|City/Town: • Oklahoma City|
|Location Class: • Residential • Church • Hospital|
|Year Built: • 1945|
|Year Abandoned: • 1980's|
|Status: • Abandoned • Endangered • Gutted|
|Photojournalist: • Cody Cooper • Justin Tyler Moore|
When we are looking for possible locations to add to our database, a lot of it comes from simply driving around the state and keeping our eyes open. St. Vincents is one of those locations that we had no information on previous to our visit. After we documented the location, we began the research. What was different about this location was the fact that hardly any information could be found. We ended up searching the Oklahoman archives and what we learned about St. Vincents home was shocking to say the least.
St. Vincent’s Home was operated by the Brothers of Mercy and was built in 1945. The nursing order of Catholic brothers moved to the present location and built the ‘old’ section of the building in 1953. The addition was built using a grant from Hill-Burton. St. Vincent’s takes male patients only. In 1957, patients ranged from a 7 year old boy, and a 90 year old man. The addition added several semi-private rooms with connecting baths, a lounge on each floor, nurses stations, and a chapel.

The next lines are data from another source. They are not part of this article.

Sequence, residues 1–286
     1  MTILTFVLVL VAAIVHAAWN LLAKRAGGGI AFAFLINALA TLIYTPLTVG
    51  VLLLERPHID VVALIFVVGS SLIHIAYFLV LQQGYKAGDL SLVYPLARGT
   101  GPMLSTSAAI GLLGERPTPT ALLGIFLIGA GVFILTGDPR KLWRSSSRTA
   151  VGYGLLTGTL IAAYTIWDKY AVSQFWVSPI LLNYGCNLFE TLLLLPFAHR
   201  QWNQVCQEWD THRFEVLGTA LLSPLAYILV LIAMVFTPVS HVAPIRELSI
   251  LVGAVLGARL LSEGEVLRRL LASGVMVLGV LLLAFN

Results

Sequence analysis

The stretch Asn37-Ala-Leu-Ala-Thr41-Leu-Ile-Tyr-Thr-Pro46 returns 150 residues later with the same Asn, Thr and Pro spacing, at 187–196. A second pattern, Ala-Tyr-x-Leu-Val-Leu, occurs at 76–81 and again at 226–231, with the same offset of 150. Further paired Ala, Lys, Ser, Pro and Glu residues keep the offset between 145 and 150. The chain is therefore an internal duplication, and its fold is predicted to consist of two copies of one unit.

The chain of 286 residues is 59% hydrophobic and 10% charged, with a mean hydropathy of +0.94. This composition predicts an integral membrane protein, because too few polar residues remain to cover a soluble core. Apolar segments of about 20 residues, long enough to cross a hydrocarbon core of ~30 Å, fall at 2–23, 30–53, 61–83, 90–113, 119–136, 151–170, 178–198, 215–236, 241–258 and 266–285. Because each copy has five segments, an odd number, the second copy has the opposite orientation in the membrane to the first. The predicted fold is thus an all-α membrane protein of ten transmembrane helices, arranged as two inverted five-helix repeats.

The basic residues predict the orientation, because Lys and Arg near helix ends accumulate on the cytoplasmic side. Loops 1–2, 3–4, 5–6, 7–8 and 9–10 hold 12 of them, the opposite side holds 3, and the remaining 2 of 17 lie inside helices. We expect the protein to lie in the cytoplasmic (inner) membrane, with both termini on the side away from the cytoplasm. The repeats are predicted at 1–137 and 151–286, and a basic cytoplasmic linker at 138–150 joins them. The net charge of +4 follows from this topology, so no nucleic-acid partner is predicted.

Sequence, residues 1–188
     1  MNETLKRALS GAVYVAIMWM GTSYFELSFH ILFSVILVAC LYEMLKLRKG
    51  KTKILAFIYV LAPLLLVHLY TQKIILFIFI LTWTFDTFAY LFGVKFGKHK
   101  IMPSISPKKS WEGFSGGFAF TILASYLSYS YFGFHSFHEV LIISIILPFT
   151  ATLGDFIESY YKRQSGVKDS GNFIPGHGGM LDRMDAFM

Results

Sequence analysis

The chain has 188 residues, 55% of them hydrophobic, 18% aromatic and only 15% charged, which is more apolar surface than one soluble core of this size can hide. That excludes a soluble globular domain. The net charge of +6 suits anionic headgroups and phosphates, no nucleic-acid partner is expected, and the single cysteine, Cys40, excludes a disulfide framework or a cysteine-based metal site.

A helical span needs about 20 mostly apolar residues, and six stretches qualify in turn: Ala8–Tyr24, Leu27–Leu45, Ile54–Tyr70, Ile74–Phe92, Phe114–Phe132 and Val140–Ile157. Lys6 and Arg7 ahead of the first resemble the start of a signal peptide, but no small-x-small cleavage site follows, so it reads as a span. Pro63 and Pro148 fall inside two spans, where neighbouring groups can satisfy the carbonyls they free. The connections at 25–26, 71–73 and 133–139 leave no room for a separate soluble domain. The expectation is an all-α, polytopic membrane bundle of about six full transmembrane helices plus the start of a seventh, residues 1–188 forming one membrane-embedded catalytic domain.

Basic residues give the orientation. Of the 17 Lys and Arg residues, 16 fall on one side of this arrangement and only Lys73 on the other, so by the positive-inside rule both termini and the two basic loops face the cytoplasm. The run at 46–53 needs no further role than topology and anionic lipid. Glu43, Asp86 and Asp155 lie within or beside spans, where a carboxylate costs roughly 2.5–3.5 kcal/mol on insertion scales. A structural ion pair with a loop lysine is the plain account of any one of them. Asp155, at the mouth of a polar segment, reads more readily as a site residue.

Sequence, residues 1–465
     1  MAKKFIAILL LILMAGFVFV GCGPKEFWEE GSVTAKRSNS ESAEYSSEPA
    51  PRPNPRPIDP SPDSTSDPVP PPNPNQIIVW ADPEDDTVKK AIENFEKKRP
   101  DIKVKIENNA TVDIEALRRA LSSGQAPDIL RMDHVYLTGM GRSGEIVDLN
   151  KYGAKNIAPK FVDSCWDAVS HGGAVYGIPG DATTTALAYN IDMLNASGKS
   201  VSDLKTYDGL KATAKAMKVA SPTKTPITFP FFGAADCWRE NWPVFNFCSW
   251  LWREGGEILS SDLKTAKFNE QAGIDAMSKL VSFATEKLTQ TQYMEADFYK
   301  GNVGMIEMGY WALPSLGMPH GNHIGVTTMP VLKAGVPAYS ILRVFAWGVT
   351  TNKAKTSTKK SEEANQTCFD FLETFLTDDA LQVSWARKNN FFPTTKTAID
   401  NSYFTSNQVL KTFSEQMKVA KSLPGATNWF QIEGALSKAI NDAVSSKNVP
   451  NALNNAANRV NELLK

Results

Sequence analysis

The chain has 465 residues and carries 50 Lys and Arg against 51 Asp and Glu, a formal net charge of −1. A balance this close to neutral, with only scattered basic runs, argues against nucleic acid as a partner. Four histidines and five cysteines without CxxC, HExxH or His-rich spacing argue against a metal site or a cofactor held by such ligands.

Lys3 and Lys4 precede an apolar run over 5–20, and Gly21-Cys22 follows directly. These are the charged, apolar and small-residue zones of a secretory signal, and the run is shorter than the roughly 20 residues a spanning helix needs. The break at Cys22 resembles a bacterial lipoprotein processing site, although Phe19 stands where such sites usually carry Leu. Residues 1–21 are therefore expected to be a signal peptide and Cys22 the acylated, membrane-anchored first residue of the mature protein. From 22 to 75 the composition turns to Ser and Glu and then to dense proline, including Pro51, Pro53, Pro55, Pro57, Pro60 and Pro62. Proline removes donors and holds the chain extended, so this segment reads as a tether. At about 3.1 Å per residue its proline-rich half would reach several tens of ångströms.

The home has had it’s share of tragic endings and in 1962, a nurse brutally suffocated two patients, simply for the thrill of it, but the charges were later dropped because the man had schizophrenia. In 1988, Rev. Richard Frank Dolan, who founded the Main Artery (an alcoholics living center at the location) was found murdered in his apartment. And in 1983, a man who lived at the home was shot and killed in Norman.
Rev. Richard Frank Dolan also holds an interesting past. He was arrested for soliciting prostitution in 1984 when he approached a male undercover officer for sex. He also was known to hire men to work for him at a flea market on 10th and Penn in OKC. He was also the center of controversy within the church for his involvement in multiple bingo halls in the city. The investigation into his mysterious death lead police to Colorado where a friend of the priest confessed that this wasn’t the first attack on Dolan. He had a history of attacks and confrontations. There was an arrest made in his murder, however the suspect was released due to inconsistent evidence. To this day, his death remains unsolved.
The building still stands today, but all windows are gone, and trash is everywhere.